On a cold Saturday morning in February shoppers sat in line before the doors were opened. Auntie Yvonne’s Free Community Store, 1515 S. Harris Rd. Ypsilanti Township. Inside the St. Mark Lutheran Church building.
Shonne Draw, founder of the company, greeted them with a warm welcome. She was wearing a pink cap and a mask on her face while she played inspirational tunes on her cellphone. Draw informed newcomers that they did not need an I.D. No I.D. was required. They could shop for as long as they wanted and they could come back as many times as they wanted.
“It’s so beautiful,”Shelley Coleman is a regular customer who has experienced homelessness. “My family and I wouldn’t have survived without it.”
Zawadi & Shonne Draw at Auntie Yvonne’s Community Free Store.
Nearly a dozen people walked around the store, carrying garbage bags or boxes, for nearly an hour. They sifted through carefully arranged displays, including clothing, shoes and handbags, as well as kitchenware, books and other items. Draw’s husband Zawadi is a minister. He prayed for a “supernaturally blessed”day for all shop visitors at the shop’s open, and was available to pray with shoppers in the church sanctuary if they needed it. Shoppers were given a small bag with KN95 face masks as well as COVID-19 testing kits at home.
“You never know what you’ll find at Auntie Yvonne’s House,” Draw says.
Pain is the beginning of purpose
Draw claims that the store is named after her Aunt Yvonne. She describes her as a “sister.” “giving spirit.”
“You couldn’t leave her house without her giving you something,” Draw says.
Although the organization is run as a thrift shop, all items are donated. Draw originally stocked her store with items from her aunt’s and her own home, but now the store receives many donations.
Draw manages the store under the banners of her No More Violence nonprofit, which she founded several years ago.
“I had it for years but didn’t really put my heart into it until my son Trey was killed,”She says this in reference to the 2020 shootingNancy Park in Ypsilanti Township was the inspiration for the #hisnameistrey social media hashtag. “Then it became personal.”
She claims that her relationship with St. Mark’s Lutheran Church began when she moved to Ypsilanti Township. Her children attended a Halloween party there.
Bunny Arbaugh accepts donations at Auntie Yvonne’s Community Free Store.
“I came here, me and my husband and our four children at that time, with a one-way bus ticket and $20, from Detroit,”She said. “They invited us in, and our hearts have been here with them since 2009.”
Trey was murdered many years later and the church members created a touching tribute for him.
“St. Mark planted a tree for him, and the whole community came out and just loved on me and my family,”She said. “I wanted to figure out a positive way to turn my pain into purpose and give back to such a great community.”
Draw claims that even though a free store may seem unrelated in relation to a non-profit with a mission to address violence, her store provides a peaceful haven and meets basic needs. Money saved can then be used to pay bills or other pressing expenses.
“My hope is to be active within the community, spread God’s love, and maybe erase some of the violence,”She said. “Shoppers can come to the store and don’t have to deal with their hurts and pains, and when they go home, it’s like Christmas when they’re unpacking.”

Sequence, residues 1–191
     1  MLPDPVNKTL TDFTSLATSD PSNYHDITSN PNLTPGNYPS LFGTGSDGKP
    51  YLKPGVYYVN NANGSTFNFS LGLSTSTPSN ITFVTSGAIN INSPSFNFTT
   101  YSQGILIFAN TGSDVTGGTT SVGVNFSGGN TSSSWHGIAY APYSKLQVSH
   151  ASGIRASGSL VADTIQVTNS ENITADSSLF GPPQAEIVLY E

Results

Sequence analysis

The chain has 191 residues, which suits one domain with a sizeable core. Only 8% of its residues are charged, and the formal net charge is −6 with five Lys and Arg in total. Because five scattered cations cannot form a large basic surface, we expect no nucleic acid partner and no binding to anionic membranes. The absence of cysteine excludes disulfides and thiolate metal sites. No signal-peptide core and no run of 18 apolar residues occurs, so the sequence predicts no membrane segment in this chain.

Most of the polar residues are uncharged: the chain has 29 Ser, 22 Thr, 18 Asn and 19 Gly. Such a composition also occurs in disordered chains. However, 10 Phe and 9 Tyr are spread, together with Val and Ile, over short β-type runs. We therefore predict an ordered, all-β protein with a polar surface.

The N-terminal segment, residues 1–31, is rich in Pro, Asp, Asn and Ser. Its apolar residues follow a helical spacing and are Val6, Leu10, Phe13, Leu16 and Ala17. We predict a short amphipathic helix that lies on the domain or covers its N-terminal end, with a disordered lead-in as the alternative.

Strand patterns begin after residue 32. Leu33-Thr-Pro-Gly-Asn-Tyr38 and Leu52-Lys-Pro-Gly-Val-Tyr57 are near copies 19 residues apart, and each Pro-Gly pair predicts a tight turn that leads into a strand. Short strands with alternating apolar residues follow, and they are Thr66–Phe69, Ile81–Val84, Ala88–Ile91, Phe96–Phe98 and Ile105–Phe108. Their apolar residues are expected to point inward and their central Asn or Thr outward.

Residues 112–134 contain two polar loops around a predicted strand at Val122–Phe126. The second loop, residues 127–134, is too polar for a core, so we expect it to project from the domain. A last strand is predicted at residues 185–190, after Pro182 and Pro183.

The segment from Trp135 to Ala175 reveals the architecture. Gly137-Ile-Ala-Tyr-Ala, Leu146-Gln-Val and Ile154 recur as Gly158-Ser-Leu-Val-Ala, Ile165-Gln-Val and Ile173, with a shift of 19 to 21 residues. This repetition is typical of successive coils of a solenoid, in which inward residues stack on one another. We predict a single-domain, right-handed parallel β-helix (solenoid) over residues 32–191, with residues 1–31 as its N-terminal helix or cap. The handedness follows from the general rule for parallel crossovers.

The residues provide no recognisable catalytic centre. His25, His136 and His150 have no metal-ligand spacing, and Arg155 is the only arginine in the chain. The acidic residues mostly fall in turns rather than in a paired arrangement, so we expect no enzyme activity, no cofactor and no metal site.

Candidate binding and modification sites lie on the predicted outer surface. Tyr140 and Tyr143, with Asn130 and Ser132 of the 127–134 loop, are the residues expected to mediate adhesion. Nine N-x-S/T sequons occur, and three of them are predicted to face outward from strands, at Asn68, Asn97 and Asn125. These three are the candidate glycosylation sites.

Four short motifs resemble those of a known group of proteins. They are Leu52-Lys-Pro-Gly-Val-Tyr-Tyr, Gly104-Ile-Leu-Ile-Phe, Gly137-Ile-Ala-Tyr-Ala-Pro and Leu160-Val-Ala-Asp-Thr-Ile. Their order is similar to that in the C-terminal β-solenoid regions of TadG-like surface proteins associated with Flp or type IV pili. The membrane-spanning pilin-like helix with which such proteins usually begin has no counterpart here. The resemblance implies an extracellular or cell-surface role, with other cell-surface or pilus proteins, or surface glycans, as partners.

“God has blessed us to upgrade”
The store was started by Draw in June 2021 as a weekly pop-up shop. It moved indoors into the fellowship room and has expanded to three days per week: 10 a.m.-4 pm on Tuesdays, Thursdays, and 10 AM-2 PM Saturdays.
“We started in the parking lot with seven tables, but God has blessed us to upgrade,” Draw says.
She says that people can return to her shop as often as they wish, and she doesn’t worry if people abuse her charity.
“Normally, they take what they need,”She said.
Auntie Yvonne’s community free store: A young shopper.
Bunny Arbaugh, a friend and volunteer at the free store, tells a story about a shopper living in her car.
“She said, ‘These flip-flops will make great shower shoes,’ and she took two. But then she came back and left one pair and said someone else might need it,”Arbaugh said.
Arbaugh said that those who donate to the store also benefit by a sense of purpose.
“A lady the other day dropped off stuff and looked at me with tears in her eyes,”Arbaugh said. “She says, ‘My mom passed away in October and I’m giving you her stuff.’ And then she hugged me. People are very generous in giving, and grateful that we’re giving it away.”
Transition and uncertainty
Arbaugh was a long-time St. Mark’s member, but he says that the church is in transition now and that its building is for sale.
“I’m hoping that whoever takes it on will allow us to stay, but we’re also praying for a building and a bigger space,” Draw says.
Draw had to suspend donations in February until the fate of the church building was decided. Draw is an official 501(c),(3) and can accept cash donations. The charity uses the donations to buy toilet paper, toothbrushes or toiletries, as well as other items.
Auntie Yvonne’s Free Community Store.
“Our top priority is to make our portion of the world a little better and see people smile,” Draw says. “We don’t know their income or lifestyle, but when they come in, they’re family. All are welcome here. When you walk into God’s house, you feel the peace. There is love here.”
More information about the community-free store can be found on the organization’s website. Facebook page.
Sarah Rigg, a freelance writer and editor from Ypsilanti Township, is the project manager for Ground Ypsilanti. She joined ConcentrateIn 2017, he was a news reporter and occasionally contributes to other publications. Issue Media Group publications. You can reach her at [email protected].
All photos by Doug Coombe.